It seems that every so often, someone out there thinks we need a little gloom in our games. A dark cloud to go with the silver lining. A touch of tragedy.

This popped up last year, for instance, when, in Move To Black?, we considered the suggestion that developers look to film noir for inspiration. That genre is certainly tragic.

Then, just awhile ago, there was The Flaws That Refreshes?, which looked at character flaws, although from a slightly more positive angle. That is, flaws as dramatic points in a game, weaknesses to be overcome. Of course, in noir, it’s the flaws of the main characters that bring them to a sorry end.

Now, we have Psychochild (and Coyote) pondering tragedy in games. They seem to be looking at it strictly from the main character point of view. The “noirish” type. But is that necessary to have tragedy?

Yeah, if you went through the game making wrong decisions, you could end up with a terrible finale. It would also be terribly disappointing. Who really wants to put in hours of work, and get a slap in the face?

Even worse, what if you made all the right decisions, and ended up badly? Remember Infidel? That was one of the few Infocom games that gave you a “pre-genned” character, and he was a creep. You went through the game, solved all the puzzles, and ended up buried alive. It still upsets me to think about that one.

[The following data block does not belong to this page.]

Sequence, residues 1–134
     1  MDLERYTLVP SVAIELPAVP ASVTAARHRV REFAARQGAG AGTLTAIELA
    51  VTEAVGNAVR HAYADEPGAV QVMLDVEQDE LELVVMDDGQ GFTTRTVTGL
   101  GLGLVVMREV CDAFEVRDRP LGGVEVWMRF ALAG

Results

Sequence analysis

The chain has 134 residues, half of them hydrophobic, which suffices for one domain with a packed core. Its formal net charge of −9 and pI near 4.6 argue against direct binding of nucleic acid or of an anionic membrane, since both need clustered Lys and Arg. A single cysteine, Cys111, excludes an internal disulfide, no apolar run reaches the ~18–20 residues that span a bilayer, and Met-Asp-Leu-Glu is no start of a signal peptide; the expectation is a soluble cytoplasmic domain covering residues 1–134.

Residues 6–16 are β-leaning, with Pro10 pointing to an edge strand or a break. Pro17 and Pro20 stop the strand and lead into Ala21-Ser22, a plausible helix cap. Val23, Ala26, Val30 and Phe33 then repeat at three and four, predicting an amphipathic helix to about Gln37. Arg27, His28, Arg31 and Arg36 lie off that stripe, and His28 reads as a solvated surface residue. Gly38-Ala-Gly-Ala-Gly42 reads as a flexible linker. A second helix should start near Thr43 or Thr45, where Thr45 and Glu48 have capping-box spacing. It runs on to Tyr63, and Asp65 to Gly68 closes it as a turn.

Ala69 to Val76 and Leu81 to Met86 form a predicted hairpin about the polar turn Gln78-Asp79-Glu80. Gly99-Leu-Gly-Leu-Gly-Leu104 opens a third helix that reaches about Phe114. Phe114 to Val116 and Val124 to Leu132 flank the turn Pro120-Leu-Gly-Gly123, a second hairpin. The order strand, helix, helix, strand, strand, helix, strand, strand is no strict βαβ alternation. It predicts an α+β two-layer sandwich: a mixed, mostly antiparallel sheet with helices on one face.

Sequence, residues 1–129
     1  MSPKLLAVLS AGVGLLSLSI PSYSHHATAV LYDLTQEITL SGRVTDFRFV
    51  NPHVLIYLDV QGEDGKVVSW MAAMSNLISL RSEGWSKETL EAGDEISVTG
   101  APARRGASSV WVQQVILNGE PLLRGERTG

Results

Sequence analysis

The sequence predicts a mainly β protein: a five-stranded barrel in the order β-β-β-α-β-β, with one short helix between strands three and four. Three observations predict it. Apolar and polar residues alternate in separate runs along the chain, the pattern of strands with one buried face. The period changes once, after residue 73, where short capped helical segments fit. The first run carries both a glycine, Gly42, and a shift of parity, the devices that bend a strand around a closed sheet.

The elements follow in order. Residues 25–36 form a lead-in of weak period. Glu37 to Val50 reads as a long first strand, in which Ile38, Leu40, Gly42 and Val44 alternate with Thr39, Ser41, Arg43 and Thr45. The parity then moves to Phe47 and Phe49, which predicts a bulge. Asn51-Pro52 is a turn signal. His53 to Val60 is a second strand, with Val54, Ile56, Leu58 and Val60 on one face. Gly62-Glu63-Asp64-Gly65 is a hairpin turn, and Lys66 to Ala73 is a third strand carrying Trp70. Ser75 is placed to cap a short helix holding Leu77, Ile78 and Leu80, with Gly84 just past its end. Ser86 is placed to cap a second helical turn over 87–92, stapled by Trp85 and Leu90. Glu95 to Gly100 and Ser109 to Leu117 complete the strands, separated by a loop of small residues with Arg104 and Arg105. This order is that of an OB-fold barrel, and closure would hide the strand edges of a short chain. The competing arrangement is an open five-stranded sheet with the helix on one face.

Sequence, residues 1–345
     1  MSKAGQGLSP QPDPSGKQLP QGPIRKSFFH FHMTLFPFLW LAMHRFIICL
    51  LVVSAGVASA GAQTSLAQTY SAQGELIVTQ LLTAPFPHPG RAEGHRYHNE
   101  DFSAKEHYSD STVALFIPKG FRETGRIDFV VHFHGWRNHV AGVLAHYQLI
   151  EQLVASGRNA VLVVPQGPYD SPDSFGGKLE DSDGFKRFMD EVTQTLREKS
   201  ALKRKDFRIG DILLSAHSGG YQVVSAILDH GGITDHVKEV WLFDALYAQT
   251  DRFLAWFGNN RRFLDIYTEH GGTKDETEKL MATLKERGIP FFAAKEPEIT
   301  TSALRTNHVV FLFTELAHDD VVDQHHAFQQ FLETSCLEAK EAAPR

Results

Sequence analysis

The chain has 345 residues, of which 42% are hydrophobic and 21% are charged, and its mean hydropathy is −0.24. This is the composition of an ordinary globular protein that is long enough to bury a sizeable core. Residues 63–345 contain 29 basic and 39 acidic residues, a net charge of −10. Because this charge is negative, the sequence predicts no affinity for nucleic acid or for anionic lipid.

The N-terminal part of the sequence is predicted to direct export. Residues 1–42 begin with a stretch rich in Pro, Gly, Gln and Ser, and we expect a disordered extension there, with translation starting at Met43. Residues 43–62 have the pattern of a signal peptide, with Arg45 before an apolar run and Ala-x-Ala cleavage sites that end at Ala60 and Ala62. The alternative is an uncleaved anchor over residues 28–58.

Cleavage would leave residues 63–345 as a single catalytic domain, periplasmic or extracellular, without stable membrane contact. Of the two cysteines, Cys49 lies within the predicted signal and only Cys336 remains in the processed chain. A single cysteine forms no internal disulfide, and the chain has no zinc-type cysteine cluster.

On the other hand, who says tragedy has to be “big”? There can be painful moments in a game. You could make a wrong decision now, and have it come back to bite you later, without necessarily affecting the ending (at least to the point where the game ends “tragically”).

Suppose there’s a small village that asks for your help. You say sure, and it’s #16 on your “list of dreary side jobs”. So you whizz off, doing this, that, and the other. Finally you get to the village job.

Only there’s no village. The orcs came, the orcs left, and now there’s nothing but burned buildings and bodies. And unless you want to replay a whole bunch (presuming you have a save that far back), you’re stuck. This could also happen if you turn down the job, having already so much to do.

That would certainly be a tragedy. Not just because you missed out on a reward; an entire village was destroyed because you made a bad decision. Incidents like this (not many, I hope) could add tragic elements to a game, and that’s just one way to do it.

This needs to be done with a light hand. Too many “bad things” happening will just turn players off. After all, in the end, we play for fun. Tragedy isn’t fun, especially when it happens to us.

Tragedy in Video Games on Coyote’s blog

Tragedy in Games on Psychochild’s blog